Atlantic Records signs her and decides to record much of her first album “Pieces of You” live at the Innerchange, expecting to sell only around 40,000 copies. Initially, the response isn’t good. Radio stations don’t think the music of an Alaskan folk singer is commercial enough. No one wants to tour with her so she hits the road opening for Goth bands. She’s booed. Sometimes they throw bottles. After shows she sits and cries. But she’s undaunted, doubling her resolve, she tours incessantly driving herself around the country to over 600 shows a year. But, everywhere she plays she connects with someone, touches their soul, and soon the word begins to spread. It’s as though she’s waging a one woman war against cynicism and hopelessness, simply with the power of her pen and that wonderous voice.

jewel-early-poster

Atlantic realizes that the key to her success is in letting people see her live so they book her in coffehouses and small clubs around the country, returning each week to build her audience. What happened in San Diego begins to happen in other cities around the country. Through word of mouth people hear of the young girl singing simple, honest songs that ring of sincerity. And, like she learned from her father, in between the songs she tells her stories about the importance of living your passion and not sacrificing your dream for just survival.

She tells them, “Reality is a funny thing, you know… Reality is what you believe, what you believe it to be. It’s what you put your thought and energy into, because your hands physically manifest thought. So your world becomes what you feel and what you think.”

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She appears on Conan O’Brien and the next day sales of “Pieces of You” skyrocket. The day is forever etched in her memory when she first hears that her album has sold 6 thousand copies in a single week. She sits on her kitchen floor and cries, knowing that she’ll never have to waitress again.

Sean Penn sees her on TV and offers to direct her first video. Bob Dylan, one of her greatest musical heroes, asks her to open for him and they sing a duet of “I Shall Be Released”. Afterwards, he pushes her forward to the edge of the stage to take her bows and exclaims, “Dang, she sings better than Joan Baez.”

She stands in wonder.

She’s nominated for the Best New Artist Grammy. “You Were Meant For Me” and “Foolish Games” become back-to-back number one singles, with hit videos on heavy rotation on VH1 and MTV. Time Magazine puts her on the cover. “Pieces of You”, the debut album recorded in a coffee shop, that radio stations didn’t want to play, sells 6.5 million copies and stays at the top of the charts for almost two years. But, it was never about fame.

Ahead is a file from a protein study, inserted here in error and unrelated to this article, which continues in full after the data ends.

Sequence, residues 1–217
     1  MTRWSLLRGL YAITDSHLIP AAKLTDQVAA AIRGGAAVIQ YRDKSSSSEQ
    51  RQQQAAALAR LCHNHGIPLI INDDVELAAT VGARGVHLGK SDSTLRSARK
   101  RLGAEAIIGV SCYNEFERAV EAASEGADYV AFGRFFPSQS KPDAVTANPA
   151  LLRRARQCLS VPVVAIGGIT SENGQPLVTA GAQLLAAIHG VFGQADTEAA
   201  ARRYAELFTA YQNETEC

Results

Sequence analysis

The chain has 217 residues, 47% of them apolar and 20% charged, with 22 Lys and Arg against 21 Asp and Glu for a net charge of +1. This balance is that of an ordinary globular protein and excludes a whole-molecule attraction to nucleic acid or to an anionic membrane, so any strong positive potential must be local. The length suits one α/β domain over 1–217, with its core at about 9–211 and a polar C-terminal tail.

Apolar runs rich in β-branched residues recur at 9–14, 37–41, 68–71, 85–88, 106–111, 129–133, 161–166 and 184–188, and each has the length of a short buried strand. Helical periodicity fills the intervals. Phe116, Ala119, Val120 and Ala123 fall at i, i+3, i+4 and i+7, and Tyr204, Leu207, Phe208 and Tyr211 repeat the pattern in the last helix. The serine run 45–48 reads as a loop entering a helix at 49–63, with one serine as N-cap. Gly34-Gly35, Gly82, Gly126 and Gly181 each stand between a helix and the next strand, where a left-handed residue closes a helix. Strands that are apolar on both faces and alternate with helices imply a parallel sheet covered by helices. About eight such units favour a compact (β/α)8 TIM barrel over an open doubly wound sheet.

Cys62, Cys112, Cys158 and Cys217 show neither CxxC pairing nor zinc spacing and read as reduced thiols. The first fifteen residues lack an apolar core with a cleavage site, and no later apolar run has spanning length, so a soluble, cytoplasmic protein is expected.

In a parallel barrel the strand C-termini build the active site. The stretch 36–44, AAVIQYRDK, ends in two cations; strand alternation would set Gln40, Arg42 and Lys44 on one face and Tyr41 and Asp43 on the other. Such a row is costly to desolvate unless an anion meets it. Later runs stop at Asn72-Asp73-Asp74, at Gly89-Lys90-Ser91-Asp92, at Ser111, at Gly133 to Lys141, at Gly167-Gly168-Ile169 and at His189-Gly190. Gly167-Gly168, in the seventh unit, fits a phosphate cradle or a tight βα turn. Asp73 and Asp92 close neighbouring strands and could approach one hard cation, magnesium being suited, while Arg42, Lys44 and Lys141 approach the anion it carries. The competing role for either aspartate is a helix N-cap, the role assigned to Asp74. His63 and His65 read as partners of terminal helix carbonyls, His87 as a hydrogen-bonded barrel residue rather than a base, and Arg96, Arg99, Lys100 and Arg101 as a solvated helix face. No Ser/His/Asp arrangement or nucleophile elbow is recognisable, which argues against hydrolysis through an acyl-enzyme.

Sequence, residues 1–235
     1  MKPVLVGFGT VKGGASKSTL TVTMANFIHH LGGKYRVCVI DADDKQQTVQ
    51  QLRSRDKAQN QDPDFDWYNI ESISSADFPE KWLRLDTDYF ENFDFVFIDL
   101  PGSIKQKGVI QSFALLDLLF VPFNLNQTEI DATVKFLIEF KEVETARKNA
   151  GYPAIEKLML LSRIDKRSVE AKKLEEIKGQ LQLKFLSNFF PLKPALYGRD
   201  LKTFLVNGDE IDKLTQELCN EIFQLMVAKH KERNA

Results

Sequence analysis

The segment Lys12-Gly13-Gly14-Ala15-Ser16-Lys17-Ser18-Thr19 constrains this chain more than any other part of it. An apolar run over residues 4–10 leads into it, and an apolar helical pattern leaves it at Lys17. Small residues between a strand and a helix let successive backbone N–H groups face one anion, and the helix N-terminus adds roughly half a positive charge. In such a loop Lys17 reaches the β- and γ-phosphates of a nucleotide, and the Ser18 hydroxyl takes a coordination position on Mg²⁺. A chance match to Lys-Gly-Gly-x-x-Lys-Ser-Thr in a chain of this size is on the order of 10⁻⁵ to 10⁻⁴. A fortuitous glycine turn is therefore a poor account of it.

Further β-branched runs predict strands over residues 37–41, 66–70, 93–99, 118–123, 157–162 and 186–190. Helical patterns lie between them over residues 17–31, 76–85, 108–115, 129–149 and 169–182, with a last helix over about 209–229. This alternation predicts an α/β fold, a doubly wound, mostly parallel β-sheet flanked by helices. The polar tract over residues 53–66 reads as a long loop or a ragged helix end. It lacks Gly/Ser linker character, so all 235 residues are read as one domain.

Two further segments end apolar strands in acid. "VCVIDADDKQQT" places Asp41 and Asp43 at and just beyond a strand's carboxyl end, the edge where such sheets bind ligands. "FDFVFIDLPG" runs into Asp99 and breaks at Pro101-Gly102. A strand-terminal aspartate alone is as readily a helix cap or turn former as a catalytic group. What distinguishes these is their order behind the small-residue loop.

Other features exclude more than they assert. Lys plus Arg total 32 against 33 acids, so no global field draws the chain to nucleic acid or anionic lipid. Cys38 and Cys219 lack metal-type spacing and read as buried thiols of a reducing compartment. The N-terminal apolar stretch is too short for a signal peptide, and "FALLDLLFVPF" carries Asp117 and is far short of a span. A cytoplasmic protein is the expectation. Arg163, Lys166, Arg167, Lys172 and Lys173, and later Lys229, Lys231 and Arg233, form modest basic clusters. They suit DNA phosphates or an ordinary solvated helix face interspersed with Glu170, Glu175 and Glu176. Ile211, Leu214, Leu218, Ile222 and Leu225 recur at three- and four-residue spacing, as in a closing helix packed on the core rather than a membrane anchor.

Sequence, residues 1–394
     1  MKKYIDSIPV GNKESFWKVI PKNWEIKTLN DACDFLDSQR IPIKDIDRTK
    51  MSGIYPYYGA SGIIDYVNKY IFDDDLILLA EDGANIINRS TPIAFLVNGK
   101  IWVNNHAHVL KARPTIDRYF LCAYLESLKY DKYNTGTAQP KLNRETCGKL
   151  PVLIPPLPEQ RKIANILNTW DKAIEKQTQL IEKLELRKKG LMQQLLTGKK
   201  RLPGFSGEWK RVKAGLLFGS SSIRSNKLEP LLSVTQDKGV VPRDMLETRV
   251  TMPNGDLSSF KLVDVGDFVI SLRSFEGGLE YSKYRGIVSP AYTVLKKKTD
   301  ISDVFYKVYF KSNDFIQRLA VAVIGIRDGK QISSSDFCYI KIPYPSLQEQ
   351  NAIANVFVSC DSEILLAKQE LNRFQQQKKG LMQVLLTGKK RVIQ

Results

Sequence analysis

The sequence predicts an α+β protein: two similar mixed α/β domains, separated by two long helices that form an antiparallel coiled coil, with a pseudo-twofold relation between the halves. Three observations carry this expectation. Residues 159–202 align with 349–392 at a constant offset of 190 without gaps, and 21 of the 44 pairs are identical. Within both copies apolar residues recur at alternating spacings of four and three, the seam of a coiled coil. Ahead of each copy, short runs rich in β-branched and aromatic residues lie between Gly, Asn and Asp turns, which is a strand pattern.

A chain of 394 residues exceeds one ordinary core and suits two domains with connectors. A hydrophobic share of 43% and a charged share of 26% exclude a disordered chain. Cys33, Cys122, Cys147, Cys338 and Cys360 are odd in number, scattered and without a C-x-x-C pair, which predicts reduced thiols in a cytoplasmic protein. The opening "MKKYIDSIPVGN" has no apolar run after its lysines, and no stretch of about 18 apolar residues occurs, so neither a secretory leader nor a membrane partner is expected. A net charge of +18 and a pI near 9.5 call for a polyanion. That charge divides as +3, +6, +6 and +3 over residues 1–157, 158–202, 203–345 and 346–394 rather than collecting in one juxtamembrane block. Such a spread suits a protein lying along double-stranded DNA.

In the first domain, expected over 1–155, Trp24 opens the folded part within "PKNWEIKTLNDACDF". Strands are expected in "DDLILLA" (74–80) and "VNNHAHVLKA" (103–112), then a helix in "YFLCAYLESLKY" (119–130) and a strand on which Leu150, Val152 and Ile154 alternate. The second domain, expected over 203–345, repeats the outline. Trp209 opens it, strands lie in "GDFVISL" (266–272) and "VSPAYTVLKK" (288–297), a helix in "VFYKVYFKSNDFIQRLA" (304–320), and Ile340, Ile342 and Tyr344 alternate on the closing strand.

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Passing by airport newsstands she looks in amazement at her own faces staring back at her from countless magazine covers. That night she tells her fans, “People look at me in magazines and feel like I’m a phenomenon, as if what I’ve accomplished is beyond their ability. I tell them to knock it off. If you respect what I’ve done, then do something yourself.”

The swelling audience spans all ages, from middle-aged people who claim she moves them like no one has since Bob Dylan and Joni Mitchell, to kids in grade school who identify when she sings, “Be careful with me. I’m sensitive and I want to stay that way.” Her fans are legion and they feel a connection with her that is unique. When she agrees to perform for her swelling internet fan club, the Everyday Angels, at a two day free concert in Woodstock, New York, fans carpool from around the country just to get there. When asked by her fans what she’d like for her birthday, she replies that she has everything she needs and, instead of being treated like a celebrity, she’d rather that they help someone who is really in need. The fans organize a blood drive, raise money to buy a van for a paralyzed victim of a car accident and volunteer in countless ways to help those in need. They name a star after her, “Jewel Kilcher – Star of the North” and the State Legislature of Georgia even declares her birthday, May 23rd, “Everyday Angel Day”.

But, she doesn’t run the guantlet unscathed. Some critics, unaware that she’s very conscious of the stark realities of life, complain that her optimism belies a naivete, “What do they expect”, she replies, “I’m only 22.” And besides, she works hard to maintain her innocence. “Innocence isn’t lost. It has to be maintained.” While the criticisms sting, she believes above all else in the power of the music to heal. “After all”, she says, “In the end, only kindness matters.”

The thousands of expectant faces in the audience wait for her, waiting for whatever she can give them. But this isn’t new to her. She’s seen it since she was six years old when she made the rounds of Eskimo villages singing with her parents. She wants to give them all she can. She wants to share with them what she’s learned. What she knows about finding your center and following your dream. About never doubting your self worth. About walking in this world with integrity. About the magic. About the heart.

She walks to the center of the stage and stands under the brilliant rainbow-colored display of lights that shine on her. They shine down on her like the Northern Lights did when she was a child but this time the lightshow really is just for her. And, as she steps to the microphone, she carries in her heart of hearts the silent prayer that she said every night in her van – that somehow by her living her dream somehow people will remember theirs. This is her special purpose.

She stands in wonder.
She stands in wonder.